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  • Title: PoSA: Foreword
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    • At the present time the Complete Edition in German of the Works of Rudolf
  • Title: PoSA: Introduction - Rudolf Steiner as a Philosopher
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    • the East it goes without saying that a great thinker is at the same time a
    • this were a kind of presentiment of the world in which, and into which,
    • endeavors had been considered as mere poetic presentiments of the truth.
    • and presentiments had their origin in a total view, and that this is what
    • time. Otto Liebmann who renewed Kantianism in the second half of the
    • Time and again, Steiner pointed to a conversation between Goethe and
    • following an inner urge, time and again insist upon that archetypal, typical
    • Steiner suggests that in earlier times, as a matter of fact, all mankind
    • every time she makes her typical jumps.”
  • Title: PoSA: Preface to the Revised Edition, 1918
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    • one feels that the soul lacks in stature if it has not at some time faced in
    • that at that time it was not my purpose to describe results of spiritual
    • about the problems I have characterized, I hesitated a long time about the
    • publication of the first edition. Yet the heavy demands on my time in recent
  • Title: PoSA: Chapter I: The Conscious Human Deed
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    • language against the idea of freedom has since been repeated times without
  • Title: PoSA: Chapter II: The Fundamental Urge For Knowledge
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    • twice at a tree and the first time see its branches motionless, the second
    • time in movement, we do not remain satisfied with this observation. Why does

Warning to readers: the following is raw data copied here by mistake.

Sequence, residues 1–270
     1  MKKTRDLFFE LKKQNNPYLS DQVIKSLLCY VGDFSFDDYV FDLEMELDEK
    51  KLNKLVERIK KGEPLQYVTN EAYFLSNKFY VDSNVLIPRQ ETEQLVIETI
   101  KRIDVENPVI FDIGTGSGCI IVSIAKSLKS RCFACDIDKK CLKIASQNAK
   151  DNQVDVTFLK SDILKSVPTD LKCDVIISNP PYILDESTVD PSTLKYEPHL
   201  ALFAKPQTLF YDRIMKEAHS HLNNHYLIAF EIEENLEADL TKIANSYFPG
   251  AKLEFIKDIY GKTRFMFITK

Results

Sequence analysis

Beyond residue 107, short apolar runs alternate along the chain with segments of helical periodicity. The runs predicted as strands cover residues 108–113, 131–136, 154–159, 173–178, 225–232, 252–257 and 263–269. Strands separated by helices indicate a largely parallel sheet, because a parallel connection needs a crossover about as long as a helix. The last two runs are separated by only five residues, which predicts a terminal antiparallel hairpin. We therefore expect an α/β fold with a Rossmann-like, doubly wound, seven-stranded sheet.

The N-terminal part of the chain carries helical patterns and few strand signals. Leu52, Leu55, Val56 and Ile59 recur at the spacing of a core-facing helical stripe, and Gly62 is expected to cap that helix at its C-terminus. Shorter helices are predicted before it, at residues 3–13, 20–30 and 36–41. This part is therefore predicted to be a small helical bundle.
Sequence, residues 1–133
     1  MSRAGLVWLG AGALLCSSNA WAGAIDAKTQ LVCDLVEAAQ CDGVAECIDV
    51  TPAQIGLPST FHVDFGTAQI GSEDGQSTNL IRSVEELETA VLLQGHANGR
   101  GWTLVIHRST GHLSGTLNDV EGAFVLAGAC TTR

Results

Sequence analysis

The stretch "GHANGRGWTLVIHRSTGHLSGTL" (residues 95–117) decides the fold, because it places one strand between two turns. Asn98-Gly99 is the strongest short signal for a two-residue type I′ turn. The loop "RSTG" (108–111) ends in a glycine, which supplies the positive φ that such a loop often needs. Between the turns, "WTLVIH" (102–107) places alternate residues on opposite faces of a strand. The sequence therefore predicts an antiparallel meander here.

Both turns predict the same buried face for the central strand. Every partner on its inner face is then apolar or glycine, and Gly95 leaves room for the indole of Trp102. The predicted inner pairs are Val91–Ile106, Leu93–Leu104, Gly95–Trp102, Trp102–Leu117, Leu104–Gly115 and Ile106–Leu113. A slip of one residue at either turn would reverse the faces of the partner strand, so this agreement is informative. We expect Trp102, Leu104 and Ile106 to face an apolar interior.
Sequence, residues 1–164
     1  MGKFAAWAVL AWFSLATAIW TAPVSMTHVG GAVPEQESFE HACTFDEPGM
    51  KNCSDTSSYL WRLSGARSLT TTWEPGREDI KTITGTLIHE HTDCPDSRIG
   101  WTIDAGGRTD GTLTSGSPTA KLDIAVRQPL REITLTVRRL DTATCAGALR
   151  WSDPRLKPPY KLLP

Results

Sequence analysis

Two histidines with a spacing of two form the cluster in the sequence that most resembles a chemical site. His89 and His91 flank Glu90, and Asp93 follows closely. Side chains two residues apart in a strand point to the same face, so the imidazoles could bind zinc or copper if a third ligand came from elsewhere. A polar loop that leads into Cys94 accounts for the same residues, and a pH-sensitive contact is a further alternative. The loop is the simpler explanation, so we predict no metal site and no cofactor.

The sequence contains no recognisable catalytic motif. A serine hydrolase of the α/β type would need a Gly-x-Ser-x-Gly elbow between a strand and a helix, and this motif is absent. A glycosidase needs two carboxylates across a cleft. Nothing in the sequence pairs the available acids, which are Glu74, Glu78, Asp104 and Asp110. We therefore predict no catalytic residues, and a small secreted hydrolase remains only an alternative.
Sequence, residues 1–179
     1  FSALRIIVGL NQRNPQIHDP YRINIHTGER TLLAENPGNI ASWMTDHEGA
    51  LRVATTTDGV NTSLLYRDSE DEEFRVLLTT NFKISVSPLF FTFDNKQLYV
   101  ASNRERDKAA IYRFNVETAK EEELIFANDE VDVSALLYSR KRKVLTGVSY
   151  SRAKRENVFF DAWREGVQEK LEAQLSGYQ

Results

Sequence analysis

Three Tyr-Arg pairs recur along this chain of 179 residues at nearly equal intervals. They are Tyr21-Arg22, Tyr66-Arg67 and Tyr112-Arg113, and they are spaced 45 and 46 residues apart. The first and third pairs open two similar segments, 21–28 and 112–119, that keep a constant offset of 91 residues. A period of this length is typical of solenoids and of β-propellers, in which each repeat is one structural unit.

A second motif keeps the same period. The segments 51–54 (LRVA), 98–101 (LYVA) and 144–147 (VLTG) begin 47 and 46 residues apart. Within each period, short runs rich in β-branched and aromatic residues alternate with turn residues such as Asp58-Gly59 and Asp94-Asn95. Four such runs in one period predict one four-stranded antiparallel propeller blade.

• Title: PoSA: Chapter III: Thinking in the Service of Understanding the World
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    • For the time being we wish merely to establish the fact that we constantly
    • In sequence of time, observation even precedes thinking. For even thinking
    • goes on about these things, I do not observe at the same time. I observe the
    • of brain physiology at the same time. Today many people find it difficult to
    • there already, and in order to create it a second time, one must know the
  • Title: PoSA: Chapter IV: The World as Perception
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    • this: Because we have experienced countless times in life that a disturbance
    • content from observation alone, then one must at the same time require that
    • another and become united. In saying this, we have at the same time
    • necessity, must be self-conscious at the same time, because it is a
    • me beyond myself and unites me with the objects. Yet at the same time it
    • himself and the rest of the world; but at the same time, it is also by means
    • early times. A man who had been born blind said, when operated on by
    • perception of an object that is given, then, for the time being, I am
    • than time, or space, or causality, for all these presuppose it ...”
  • Title: PoSA: Chapter V: The Act of Knowing the World
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    • toward our thinking at the same time. Naive consciousness treats thinking as
    • same time as, and undivided from, the perception. To such a being it would
    • existence is bound up with space and time. Because of this, it is always
    • limited section links itself in all directions, both in time and in space,
    • objects and subjected to their laws; but also, at the same time, in quite a
    • perceiving at the same time that it appears as a movement of the body. The
    • as a mere juxtaposition in space, a mere succession in time, an aggregate of